# Re: more on delete from join

Date: Tue, 1 Sep 2009 09:40:20 -0400

Message-ID: <ap-dnY3aL9bYuQDXnZ2dnUVZ_u6dnZ2d_at_giganews.com>

"paul c" <toledobythesea_at_oohay.ac> wrote in message
news:t6Amm.41661$Db2.31934_at_edtnps83...

*> Mr. Scott wrote:
**> ...
**>> The system having to guess what the user intended is a direct consequence
**>> of view updates being nondeterministic. For example, an insert into a
**>> union view involving two tables is not deterministic because there are
**>> three different combinations of values that could result in the same
**>> value for the view. The system has to guess whether the row must be
**>> inserted into one table or the other or both. The same can be said of a
**>> delete from a join view.
**>
**> This the standard absolutist, self-serving complaint. Of course if you
**> set up a system that defines certain view updates as being
**> nondeterministic, certain view updates will be nondeterministic, but that
**> is not a consequence of relational theory. I don't care whether the
**> motive comes from wilfulness or a wish to have simplistic implementations
**> or just confusion about the significance of atttribute names, instead I'll
**> take a stab at discarding the non-essential stuff and stick to what I hope
**> involves only predicates and a strict (TTM) algebra.
**>
**> i) Suppose we have a relation S with predicate "s is a supplier" and
**> value:
**>
**> S:
**> s
**> Bill
**>
**> and a relation C with predicate "c is a customer" and value:
**>
**> C:
**> c
**> Bill
**> Bob
**>
**> So Bill is a supplier, Bill is a customer and Bob is a customer.
**>
**> ii) Supposing we wish to distinguish customers who are also suppliers and
**> suppliers who are also customers, mere join (conventional) doesn't quite
**> produce a relation that can be queried without qualification, ie
**>
**> S JOIN C:
**> s c
**> Bill Bill
**> Bill Bob
**>
**> This has the predicate "s is a supplier and c is a customer". In
**> practice, it is more likely that 's' and 'c' would not be distinct
**> attribute names, still this join does allow us to conclude that Bill is
**> both a supplier and a customer, if the application language includes an
**> "equals" operator and users remember to use it. .
**>
**> iii) If we want the recording form itself to reflect the predicate we
**> want without depending on implementation language, eg., a slightly
**> different predicate, say "s is a supplier and c is a customer and s and c
**> have the same name", we need a join definition that makes the equality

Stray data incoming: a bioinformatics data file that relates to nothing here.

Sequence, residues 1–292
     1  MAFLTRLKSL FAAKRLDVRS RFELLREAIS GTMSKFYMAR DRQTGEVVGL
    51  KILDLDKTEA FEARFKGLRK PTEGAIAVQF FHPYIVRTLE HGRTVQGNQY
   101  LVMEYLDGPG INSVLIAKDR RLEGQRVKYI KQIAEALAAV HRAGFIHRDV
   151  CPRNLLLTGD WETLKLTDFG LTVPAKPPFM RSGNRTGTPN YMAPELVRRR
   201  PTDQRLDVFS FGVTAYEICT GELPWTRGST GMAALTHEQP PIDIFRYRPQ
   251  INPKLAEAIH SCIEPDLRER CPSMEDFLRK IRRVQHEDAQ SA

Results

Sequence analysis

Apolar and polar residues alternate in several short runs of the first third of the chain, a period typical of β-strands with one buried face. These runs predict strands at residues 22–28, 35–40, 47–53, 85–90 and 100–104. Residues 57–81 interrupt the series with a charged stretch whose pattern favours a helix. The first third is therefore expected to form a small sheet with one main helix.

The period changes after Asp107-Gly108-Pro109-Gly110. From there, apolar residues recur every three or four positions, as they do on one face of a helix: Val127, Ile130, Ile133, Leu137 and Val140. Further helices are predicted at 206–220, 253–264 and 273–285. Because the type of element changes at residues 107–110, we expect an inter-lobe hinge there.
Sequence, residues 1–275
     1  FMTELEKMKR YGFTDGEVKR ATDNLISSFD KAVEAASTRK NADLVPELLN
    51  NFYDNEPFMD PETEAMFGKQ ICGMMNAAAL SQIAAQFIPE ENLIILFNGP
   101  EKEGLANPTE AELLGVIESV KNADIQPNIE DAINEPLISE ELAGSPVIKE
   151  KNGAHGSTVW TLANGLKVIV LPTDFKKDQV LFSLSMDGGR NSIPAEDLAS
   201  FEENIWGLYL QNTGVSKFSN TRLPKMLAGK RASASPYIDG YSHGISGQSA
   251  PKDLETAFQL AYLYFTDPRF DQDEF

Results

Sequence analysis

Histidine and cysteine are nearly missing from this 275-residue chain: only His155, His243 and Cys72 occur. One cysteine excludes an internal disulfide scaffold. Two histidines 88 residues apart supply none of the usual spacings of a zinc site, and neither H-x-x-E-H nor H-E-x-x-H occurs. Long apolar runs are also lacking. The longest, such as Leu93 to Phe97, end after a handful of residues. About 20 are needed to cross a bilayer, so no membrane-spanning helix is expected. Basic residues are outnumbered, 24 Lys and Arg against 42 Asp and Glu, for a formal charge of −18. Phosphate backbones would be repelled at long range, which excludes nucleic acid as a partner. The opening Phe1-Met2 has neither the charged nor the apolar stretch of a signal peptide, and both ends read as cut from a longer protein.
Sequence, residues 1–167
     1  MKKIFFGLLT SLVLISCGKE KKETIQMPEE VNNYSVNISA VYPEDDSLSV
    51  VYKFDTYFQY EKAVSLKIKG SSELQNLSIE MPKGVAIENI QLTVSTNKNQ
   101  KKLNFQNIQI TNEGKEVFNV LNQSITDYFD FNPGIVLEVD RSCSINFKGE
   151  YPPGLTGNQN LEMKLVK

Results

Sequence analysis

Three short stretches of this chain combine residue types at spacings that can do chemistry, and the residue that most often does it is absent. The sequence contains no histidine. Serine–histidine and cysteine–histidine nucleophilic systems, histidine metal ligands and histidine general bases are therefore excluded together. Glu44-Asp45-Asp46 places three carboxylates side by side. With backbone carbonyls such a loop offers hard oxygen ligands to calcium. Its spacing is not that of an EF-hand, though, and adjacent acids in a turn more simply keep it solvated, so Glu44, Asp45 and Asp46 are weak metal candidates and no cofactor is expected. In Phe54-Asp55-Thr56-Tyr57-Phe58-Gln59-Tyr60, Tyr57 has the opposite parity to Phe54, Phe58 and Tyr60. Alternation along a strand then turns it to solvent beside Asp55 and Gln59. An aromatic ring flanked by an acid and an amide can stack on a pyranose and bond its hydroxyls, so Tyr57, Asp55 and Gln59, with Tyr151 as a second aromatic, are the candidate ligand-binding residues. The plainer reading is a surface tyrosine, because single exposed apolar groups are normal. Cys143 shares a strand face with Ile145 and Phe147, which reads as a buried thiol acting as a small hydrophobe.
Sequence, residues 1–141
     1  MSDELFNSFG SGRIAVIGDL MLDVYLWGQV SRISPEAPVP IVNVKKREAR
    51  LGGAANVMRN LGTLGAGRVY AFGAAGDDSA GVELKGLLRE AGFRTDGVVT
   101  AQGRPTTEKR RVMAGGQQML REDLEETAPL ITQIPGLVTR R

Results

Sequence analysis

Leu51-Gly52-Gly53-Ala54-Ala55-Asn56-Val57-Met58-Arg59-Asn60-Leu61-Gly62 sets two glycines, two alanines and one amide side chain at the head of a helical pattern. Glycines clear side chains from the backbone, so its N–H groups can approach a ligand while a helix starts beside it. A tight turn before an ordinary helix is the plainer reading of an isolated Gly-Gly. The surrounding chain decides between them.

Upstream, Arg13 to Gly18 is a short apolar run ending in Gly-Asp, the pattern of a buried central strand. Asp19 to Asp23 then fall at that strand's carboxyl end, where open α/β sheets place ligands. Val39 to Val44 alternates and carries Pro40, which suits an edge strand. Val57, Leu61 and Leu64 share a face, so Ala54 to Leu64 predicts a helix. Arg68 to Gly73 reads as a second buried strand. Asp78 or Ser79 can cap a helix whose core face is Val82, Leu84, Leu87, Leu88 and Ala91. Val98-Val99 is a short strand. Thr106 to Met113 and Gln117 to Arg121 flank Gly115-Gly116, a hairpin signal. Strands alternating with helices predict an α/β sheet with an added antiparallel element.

**> explicit, by restricting the join to tuples where s = c, eg.,
**> :
**> R1 = ((S <RENAME> (s, c) ) <AND> C) <AND> S with value:
**> s c
**> Bill Bill
**>
**> In fact, S JOIN C, aka S <AND> C isn't quite what we want, rather what we
**> want is equivalent to: S <AND> C <AND> R1.
**>
**> R1's predicate could also be written as "s is a customer and s is a
**> supplier and c is a customer and c is a supplier" which might seem a
**> little "redundant" because it amounts to saying the same thing twice.
**>
**> iv) We could say the same thing as R1 with two relations R2 and R3:
**>
**> R2 = ((S <RENAME> (s, c) ) <AND> C) with value:
**> c
**> Bill
**>
**> R2 has the predicate "c is a customer and c is a supplier".
**>
**> and with R3 = R2 <RENAME> (c,s) with value:
**> s
**> Bill
**>
**> R3 has the predicate "s is a customer and s is a supplier".
**>
**> v) Note that R2 = R1{c} and R3 = R2{s} and R1 = R2 JOIN R3 = R2 <AND> R3.
**>
**> vi ) Suppose we wish to retract the fact that "Bill is a customer and Bill
**> is a supplier, ie.::
**>
**> <NOT> R1 =
**> <NOT> (R2 <AND> R3) =
**> <NOT> R2 <OR> <NOT> R3
**>
**> As many people point out, the 'disjoin' has three possible values. But if
**> we assert one of them, say, that <NOT> R2 is true and <NOT> R3 is false,
**> we are left with the truth of R3, ie., "Bill is a customer and Bill is a
**> supplier", which contradicts what we intended. We can avoid that
**> contradiction by asserting (<NOT> R2) <AND> (<NOT> R3).
*

An appeal to logic. Affirming the disjunction of two ground atoms,

is equivalent to affirming the disjunction

Now let's apply this logic to relational theory. Let there be tables with predicates P, Q and R, a view that is the union of the table with predicate P and the table with predicate Q, and a view that is the join of the table with predicate P and the table with predicate R. Inserting a row (a,b,c) into the union view affirms the disjunction Pabc OR Qabc; deleting a row (a,b,c,d) from the join view affirms the disjunction NOT Pabc OR NOT Rabd. Both inserts into the union view and deletes from the join view affirm disjunctions, and as a consequence, neither inserts into the union view nor deletes from the join view have unique results.

I can see the benefit of recording disjunctive information. If it is known that A OR B is true, then it should be possible to assert A OR B, even if it is not known which is true. I just don't think that an insert into a union view is the correct way to do it. A better way would be to use three tables, one for facts like 'It is known that A.' one for facts like 'It is known that B.' and one for facts like 'It is known that A OR B, but not which.'

<snip> Received on Tue Sep 01 2009 - 15:40:20 CEST